by Rebbetzin Malkah
"Not by might, nor by power, but through My spirit" - Zechariah 4:6, read on Shabbat Chanukah
There is no doubt that we, as women, have the ability to carry much and rest little. Whether we have families, or care for those around us, we are constantly in motion. Sometimes before we even realize where the day has gone, it is over. But how do we maintain the balance of giving light and being sure our cruise of oil doesn't run out? As the darkness of the winter season comes upon us, it can be difficult to motivate ourselves, let alone feel cheery. However, as bearers of the light of Mashiach, it is possible to dance like the flames of the candles and radiate light, as well as endure the challenges of our days beyond what we think is possible.
By Rebbetzin Malkah
Ramban teaches us that Sefer Bereshis is really a book of symbols and allegory; it tells us not only what transpired in the past, but more importantly, it reveals that which will occur in the future. The poet William Blake says it well in this passage:
We are wishing you a sweet and prosperous New Year 5771. How are you going to make this year better than the next? How will we all be a better light for Messiah this year? I think we have an answer. Our community has started a new project and all are invited to participate. Let me introduce you to the practice of Mussar for the Messianic Jewish community.
The Hebrew term Mussar (מוּסַר), is from the book of Proverbs 1:2 meaning instruction, discipline, or conduct. The Mussar movement was a Jewish ethical, educational and cultural movement that developed in 19th century Eastern Europe, particularly among Orthodox Lithuanian Jews.
A diligent study of Mussar (Jewish ethical practice) can bring new life into your days. Our Mussar Master, Messiah Yeshua taught us how we should bring good fruit as a demonstration of our purposeful lives:
For a good tree does not produce rotten fruit, and a rotten tree does not produce good fruit. For every tree is recognized by its fruit; for people do not gather figs from thorns or harvest grapes from a thorny bush. A good man, from the storehouse of his good heart, obtains what is good; a bad man, from the storehouse of his bad heart, obtains what is bad. For from the overflow of a man’s heart his mouth will speak. (Luke 6:43-45)
Let us sprout good fruit this year. I welcome you to participate and be active in the Riverton Mussar project.
This week the theme of hiddeness has been ever before us as we have read the book of Esther, a book with no mention of G-d's name. As we recount how our people nearly became subject to a plan of mass genocide, it would behoove us to peer behind the curtain of history and see the thread of salvation that has been ever present throughout time. Along this thread have been individuals, who by no other reason except divine purpose and not coincidence, have been set before our people to be raised up during a time of need.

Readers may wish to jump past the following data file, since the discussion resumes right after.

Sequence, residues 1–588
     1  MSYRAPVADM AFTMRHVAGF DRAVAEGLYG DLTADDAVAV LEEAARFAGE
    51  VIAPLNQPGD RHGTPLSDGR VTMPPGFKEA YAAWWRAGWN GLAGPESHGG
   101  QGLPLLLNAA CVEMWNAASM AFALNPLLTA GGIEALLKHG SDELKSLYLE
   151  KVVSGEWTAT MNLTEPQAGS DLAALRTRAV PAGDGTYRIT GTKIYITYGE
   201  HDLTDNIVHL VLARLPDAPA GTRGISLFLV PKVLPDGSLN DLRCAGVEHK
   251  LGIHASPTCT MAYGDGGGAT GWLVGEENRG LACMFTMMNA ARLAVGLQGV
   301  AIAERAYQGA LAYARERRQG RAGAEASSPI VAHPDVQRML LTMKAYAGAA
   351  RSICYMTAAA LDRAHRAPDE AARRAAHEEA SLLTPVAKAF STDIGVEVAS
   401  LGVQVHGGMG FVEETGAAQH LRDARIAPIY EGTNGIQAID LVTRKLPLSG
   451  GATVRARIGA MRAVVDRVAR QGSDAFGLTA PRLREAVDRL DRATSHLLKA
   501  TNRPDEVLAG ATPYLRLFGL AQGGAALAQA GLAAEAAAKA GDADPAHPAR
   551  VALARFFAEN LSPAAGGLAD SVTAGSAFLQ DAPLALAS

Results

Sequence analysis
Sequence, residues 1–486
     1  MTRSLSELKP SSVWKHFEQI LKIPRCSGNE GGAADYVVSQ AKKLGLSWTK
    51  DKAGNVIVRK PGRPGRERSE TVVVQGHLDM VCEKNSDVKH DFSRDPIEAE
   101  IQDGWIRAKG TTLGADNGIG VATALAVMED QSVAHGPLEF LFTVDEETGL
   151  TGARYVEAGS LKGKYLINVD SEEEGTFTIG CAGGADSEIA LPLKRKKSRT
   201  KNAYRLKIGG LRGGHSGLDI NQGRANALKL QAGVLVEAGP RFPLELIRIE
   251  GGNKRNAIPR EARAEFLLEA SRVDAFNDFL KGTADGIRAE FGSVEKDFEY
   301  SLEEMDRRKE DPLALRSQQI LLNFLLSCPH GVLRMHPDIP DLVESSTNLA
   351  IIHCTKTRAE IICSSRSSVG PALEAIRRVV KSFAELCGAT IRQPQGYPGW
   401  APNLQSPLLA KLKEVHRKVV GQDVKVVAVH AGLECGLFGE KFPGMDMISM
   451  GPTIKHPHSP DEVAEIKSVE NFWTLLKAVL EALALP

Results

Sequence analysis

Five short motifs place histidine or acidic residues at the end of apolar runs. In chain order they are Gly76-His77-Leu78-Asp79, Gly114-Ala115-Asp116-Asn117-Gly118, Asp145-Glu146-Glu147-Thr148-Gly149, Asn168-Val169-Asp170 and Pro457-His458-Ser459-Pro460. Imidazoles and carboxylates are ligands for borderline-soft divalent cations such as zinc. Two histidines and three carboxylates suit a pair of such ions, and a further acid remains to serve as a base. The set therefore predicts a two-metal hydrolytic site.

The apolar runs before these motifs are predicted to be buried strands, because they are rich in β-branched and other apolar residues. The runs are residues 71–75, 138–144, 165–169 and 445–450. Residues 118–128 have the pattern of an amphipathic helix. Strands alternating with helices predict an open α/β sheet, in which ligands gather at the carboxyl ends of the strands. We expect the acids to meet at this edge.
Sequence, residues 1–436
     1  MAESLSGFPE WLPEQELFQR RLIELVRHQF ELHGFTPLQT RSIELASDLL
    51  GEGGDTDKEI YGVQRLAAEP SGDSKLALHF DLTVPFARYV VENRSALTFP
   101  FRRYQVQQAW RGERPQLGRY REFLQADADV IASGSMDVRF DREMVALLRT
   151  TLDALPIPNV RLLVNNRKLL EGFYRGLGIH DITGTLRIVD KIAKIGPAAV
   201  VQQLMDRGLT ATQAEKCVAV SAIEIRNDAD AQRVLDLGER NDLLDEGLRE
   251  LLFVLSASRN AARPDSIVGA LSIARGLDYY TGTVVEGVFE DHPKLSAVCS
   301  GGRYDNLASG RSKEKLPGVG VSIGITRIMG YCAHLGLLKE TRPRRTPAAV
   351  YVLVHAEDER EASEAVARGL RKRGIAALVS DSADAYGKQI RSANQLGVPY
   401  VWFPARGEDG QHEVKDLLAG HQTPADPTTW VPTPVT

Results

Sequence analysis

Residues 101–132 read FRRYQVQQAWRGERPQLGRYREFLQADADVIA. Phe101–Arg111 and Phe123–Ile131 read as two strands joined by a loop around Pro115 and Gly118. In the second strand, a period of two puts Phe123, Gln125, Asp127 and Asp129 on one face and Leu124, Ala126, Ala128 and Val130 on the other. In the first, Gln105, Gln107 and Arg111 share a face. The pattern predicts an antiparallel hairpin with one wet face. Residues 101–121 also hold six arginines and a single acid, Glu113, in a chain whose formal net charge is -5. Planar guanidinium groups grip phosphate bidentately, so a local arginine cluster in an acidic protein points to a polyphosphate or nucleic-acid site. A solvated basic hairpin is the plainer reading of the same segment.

"I haven't ever really found a place that I call home,
"I was not looking for my dreams to interpret my life, but for my life to interpret my dreams." - Susan Sontag
During this time of the year all over the upper Northern Hemisphere, everything is hidden. A shell of white encases much of this part of the world, forcing it to rest and wait, until days of verdant spring force the snows to disappear and reveal the earth's potential. In this week's parasha, the snows of Yosef's life are starting to melt away and reveal his future. It is in guiding Mitzrayim through its national crisis that he begins to see the true meaning in the dreams of his youth. The events unfolding around him begin to actively interpret his dreams as his brothers arrive in Mitzrayim and stand before him in search of relief from famine. It is by interpretation through living, and not the reverse, that dreams show their true purpose: they are hidden keys in our lives that lie dormant, beckoning gently for us to walk forward, revealing our destinies at the proper time.
by Rebbetzin Malkah
The funny thing about searching for your bashert (your destined soul-mate), is that even when you find your bashert, you have only partly completed the task. For it is in helping our children through our sacred unions that they find their bashert, and finish the task which we started - to realize our own true destiny. In this mirroring dance of fates between our destiny and that of our children do we find our completion and our hope for the future. This couldn't be more true as we look into this week's parasha and see Avraham bury his beloved Sarah - his bashert - and at the same time move on to helping his son, Yitzchak, find his own destiny and carry on the promises given to Avraham and his progeny for all time.